Understanding the 16 Days of Activism Against Gender-Based Violence

This year marks the 30th anniversary of the 16 Days of Activism Against Gender-Based Violence (GBV), a global movement led by activists to advocate for the prevention and elimination of violence against women and the protection of their fundamental rights.

The campaign kicked off on November 25th, International Day for the Elimination of Violence Against Women, and ends today, December 10th, Human Rights Day. The global theme for this year’s 16 Days of Activism against GBV is “Orange the world: End violence against women now.”

By Sonal Nain, 15 Dec 2021

As we approach the end of the 16-day Activism Against GBV, we will examine the evolution of this concept and the increased focus on curbing it in the post-MeToo era. We will look at how GBV affects individuals, particularly women, and what countries around the world successfully tackled it and the lessons they could impart to India.

GBV and the pandemic

The Declaration on the Elimination of Violence against Women (1993), defines violence against women (VAW) as a sub-category of GBV: ‘Any act of gender-based violence that results in, or is likely to result in, physical, sexual or psychological harm or suffering to women, including threats of such acts, coercion or arbitrary deprivations of liberty, whether occurring in public or private life.’

This provides a broader and contemporary definition of violence against women and recognizes the multiple ways it manifests. The definition was ahead of its time because it acknowledges the psychological damage (which is recently acknowledged as people became more aware of their mental health) and cognitive fallout that violence can cause.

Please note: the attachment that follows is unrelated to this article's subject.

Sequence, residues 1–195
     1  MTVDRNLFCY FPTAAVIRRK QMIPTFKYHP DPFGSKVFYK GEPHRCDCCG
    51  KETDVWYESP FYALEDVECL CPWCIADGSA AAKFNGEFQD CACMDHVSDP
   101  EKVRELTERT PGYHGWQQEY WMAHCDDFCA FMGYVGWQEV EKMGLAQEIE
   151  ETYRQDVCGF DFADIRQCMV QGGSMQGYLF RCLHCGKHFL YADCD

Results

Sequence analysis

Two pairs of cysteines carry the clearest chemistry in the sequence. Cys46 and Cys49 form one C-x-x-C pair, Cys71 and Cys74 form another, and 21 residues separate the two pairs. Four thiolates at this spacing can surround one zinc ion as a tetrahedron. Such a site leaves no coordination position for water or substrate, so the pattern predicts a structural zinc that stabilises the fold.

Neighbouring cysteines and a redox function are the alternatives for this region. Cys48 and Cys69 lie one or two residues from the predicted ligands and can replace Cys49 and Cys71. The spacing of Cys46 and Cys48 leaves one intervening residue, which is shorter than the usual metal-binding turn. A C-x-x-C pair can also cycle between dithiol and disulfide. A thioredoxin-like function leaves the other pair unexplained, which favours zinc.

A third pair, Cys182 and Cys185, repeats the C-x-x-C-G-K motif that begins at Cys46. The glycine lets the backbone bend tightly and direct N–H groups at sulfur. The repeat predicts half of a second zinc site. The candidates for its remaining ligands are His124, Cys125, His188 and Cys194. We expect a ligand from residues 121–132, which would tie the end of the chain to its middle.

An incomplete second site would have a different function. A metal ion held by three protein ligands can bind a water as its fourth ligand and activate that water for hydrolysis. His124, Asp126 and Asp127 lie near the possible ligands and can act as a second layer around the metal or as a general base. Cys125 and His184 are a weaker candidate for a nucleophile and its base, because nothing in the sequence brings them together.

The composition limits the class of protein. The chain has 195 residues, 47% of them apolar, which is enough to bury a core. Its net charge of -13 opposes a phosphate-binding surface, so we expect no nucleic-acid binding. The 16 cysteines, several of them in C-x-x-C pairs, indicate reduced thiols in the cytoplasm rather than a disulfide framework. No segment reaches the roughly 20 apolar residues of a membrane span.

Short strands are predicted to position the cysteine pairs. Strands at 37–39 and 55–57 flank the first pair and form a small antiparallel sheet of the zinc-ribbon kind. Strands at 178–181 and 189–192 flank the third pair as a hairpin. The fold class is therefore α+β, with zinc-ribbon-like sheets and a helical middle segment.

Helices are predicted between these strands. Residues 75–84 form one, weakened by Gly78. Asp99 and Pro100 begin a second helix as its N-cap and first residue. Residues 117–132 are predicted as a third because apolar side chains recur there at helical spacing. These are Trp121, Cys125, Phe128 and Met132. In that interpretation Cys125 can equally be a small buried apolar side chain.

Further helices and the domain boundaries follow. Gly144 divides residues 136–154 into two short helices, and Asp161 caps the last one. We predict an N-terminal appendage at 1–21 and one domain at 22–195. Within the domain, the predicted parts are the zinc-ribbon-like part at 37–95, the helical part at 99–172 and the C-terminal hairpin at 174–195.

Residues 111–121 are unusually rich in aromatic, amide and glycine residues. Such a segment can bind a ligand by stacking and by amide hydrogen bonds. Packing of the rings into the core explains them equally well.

GBV is not only directed at women but also at transgender, gay and bisexual people. The Human Rights Campaign (HRC) Foundation recorded at least 37 transgender and gender non-conforming people violently killed in 2020, more than in any previous year since HRC began tracking this data in 2013.

However, women make up the large majority of GBV victims, while men make up the vast majority of perpetrators. As the world battled the Covid-19 pandemic, women were confronted with another battle behind closed doors– that of increasing violence against them, which is referred to as a Shadow Pandemic. Throughout the lockdown, the domestic, structural, emotional, and sexual violence against women had multiplied.

The UN Women new report flagged that women feel less safe at home as conflict such as domestic violence has escalated. According to the report, 40% of women reported sexual harassment, 36% physical abuse and 50% verbal abuse.

“7 in 10 women think domestic violence increased during COVID-19. 1 in 2 women thinks that domestic violence is common.”

It is difficult to identify a single factor that contributes to or leads to violence against women. Of course, there is a deeply ingrained patriarchal structure in place. However, there are so many layers that need to be identified and addressed, such as socioeconomic stressors. Factors such as employment, food insecurity and family have a substantial impact not only on experiences of violence or perceptions of safety but also on women’s general health and well-being.

They have been put at higher risk due to limited mobility and, in certain cases, lack of access to necessities such as mobile phones. Violence as a result of these circumstances is pervasive everywhere – in families, public spaces, workplaces and digital spaces.

Countries using the Right lens

The UNDP and UN Women’s global gender tracker data shows that countries have started taking steps to address the VAW as part of a longer-term recovery plan. At least 14 countries have started to address gender-based violence as part of longer-term Covid-19 recovery plans.